The manufacturing process for the high speed desert wheels has also been agreed with all the companies involved. The whole wheel manufacture process will involve some four tonnes of Aluminium, which Trimet is supplying in liquid form (did you know that aluminium is shipped as a liquid? No, me neither).

Otto Fuchs will then turn this large aluminium puddle into solid lumps (there are some technical terms involved like 'casting' and 'forging', but you get the general idea) from which we can machine the wheels.

The carbon fibre monocoque work also continues, with the production of one of the cockpit moulds, which is now ready for work to begin on the cockpit lower section. It's been a long time coming – can't wait to see my 1000mph office finally taking shape.

If you want to see how the whole process works, have a look at the latest Cisco BHTV video, 'Carbon Fibre Monocoque'.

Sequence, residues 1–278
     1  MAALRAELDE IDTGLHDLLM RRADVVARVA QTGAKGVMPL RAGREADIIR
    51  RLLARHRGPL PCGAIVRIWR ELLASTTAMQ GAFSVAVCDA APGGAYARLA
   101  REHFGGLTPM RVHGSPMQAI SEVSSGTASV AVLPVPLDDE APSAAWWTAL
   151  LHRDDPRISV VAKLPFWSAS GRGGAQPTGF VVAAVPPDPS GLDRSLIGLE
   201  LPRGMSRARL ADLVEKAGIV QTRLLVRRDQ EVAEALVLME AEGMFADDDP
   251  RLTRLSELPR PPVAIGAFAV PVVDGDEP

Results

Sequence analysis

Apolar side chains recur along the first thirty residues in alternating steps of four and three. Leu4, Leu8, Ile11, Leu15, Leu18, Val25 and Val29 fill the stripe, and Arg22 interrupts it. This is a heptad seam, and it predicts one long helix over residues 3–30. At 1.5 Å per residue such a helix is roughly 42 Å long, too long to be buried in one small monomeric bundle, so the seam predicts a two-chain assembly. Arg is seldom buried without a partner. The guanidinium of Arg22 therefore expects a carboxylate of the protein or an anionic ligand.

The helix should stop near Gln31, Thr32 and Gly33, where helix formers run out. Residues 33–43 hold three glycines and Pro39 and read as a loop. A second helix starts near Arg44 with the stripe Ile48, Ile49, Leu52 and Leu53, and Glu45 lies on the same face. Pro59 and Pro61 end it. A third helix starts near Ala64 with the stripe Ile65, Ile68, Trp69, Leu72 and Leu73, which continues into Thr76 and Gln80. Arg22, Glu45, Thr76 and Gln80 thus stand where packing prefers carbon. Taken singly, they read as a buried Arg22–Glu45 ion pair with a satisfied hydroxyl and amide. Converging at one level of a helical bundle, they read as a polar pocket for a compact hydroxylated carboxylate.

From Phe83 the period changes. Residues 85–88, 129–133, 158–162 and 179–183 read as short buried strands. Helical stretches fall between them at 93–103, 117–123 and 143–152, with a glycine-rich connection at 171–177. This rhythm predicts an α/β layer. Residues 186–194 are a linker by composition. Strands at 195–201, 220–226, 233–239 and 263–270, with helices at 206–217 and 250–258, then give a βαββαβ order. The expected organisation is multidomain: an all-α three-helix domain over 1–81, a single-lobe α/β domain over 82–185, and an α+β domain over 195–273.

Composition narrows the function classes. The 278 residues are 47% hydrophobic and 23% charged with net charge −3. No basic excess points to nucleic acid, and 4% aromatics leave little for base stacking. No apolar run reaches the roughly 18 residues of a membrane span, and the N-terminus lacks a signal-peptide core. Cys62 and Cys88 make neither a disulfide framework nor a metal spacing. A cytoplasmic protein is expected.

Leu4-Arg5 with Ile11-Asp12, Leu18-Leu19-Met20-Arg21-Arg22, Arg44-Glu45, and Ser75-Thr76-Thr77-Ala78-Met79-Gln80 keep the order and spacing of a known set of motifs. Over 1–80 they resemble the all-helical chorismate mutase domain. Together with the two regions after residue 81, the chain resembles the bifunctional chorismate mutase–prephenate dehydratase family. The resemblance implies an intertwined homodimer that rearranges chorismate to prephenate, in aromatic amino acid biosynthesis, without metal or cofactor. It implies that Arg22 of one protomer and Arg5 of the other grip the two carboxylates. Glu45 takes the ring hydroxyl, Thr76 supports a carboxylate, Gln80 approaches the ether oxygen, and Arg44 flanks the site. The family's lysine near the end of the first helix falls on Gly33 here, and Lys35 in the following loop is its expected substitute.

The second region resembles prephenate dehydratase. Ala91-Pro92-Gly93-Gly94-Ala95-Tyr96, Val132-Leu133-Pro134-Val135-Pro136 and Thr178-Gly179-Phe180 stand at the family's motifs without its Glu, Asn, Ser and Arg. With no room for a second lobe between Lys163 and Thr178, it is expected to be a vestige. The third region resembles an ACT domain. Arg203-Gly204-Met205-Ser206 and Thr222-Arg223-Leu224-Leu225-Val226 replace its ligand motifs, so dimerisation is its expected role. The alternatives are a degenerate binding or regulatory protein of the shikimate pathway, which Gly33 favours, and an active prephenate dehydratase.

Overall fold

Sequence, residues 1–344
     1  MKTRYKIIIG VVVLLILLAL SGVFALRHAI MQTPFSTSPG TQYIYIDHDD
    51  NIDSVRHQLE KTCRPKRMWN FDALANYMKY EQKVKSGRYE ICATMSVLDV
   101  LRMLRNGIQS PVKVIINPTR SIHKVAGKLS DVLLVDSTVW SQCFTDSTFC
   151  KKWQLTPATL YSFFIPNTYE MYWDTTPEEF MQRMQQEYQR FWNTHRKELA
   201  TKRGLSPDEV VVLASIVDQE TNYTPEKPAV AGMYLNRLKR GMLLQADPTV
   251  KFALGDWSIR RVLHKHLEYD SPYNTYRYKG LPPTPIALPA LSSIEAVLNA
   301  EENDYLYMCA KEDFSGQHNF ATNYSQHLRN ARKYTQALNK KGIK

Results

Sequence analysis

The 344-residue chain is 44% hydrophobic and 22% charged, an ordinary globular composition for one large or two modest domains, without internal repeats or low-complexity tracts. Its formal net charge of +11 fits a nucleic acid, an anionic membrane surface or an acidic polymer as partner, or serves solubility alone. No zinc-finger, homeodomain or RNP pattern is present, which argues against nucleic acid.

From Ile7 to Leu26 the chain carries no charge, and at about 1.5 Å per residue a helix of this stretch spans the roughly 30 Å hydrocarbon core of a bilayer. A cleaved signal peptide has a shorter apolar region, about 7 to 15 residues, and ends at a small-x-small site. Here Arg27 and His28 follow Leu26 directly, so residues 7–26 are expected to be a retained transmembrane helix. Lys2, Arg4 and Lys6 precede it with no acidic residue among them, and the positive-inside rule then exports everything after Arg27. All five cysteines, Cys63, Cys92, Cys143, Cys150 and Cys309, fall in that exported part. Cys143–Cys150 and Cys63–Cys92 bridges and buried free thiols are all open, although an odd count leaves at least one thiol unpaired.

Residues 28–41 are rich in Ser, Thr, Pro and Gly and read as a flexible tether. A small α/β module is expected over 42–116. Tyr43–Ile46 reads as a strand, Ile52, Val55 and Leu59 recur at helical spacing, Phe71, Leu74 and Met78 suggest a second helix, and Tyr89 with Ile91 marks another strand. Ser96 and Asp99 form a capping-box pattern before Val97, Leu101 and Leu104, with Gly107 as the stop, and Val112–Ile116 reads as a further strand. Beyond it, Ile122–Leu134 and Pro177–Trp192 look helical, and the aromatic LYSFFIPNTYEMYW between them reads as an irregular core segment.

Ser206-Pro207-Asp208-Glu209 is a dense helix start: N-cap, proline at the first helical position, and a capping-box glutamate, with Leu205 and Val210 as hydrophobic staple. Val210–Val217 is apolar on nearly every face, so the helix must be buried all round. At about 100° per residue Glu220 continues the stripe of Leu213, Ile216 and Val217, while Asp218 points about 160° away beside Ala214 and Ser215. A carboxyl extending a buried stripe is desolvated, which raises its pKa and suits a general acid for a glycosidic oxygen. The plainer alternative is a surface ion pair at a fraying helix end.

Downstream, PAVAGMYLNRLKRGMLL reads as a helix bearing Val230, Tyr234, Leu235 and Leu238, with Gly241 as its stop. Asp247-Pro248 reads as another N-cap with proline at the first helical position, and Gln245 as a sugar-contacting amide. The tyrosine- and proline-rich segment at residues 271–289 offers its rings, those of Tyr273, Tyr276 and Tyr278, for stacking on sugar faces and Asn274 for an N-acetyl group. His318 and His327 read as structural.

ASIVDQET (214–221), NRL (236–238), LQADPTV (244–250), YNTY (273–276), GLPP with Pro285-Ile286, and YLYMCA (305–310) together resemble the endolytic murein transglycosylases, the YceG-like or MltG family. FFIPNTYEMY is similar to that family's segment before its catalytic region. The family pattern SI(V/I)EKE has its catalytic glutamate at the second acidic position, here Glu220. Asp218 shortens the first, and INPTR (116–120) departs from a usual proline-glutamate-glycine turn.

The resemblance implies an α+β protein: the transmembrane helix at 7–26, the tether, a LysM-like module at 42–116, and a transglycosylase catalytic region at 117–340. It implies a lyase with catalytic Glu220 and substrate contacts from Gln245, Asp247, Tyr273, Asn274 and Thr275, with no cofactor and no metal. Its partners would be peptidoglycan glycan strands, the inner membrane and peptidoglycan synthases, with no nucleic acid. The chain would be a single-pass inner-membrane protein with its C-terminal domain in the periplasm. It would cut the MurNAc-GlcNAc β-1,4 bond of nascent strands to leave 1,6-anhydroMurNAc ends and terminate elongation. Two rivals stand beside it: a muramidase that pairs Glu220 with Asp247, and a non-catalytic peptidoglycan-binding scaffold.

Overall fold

With the huge success of the Olympics only just behind us, we're looking forward to creating another global British success in 2013/2014. The Olympics aimed to inspire a generation about sport, and of course to promote the team work and dedication that makes a successful sportsman. Look behind the science and technology of Bloodhound, and we are promoting exactly the same things – our engineers, and the hundreds of supporting companies, are the best in the world because they work hard at it, and they are building the world's first 1000mph car together as a world class team. The Olympics has done its bit, so now it's our turn – and I can't think of a better time to do it.

Author
Andy Green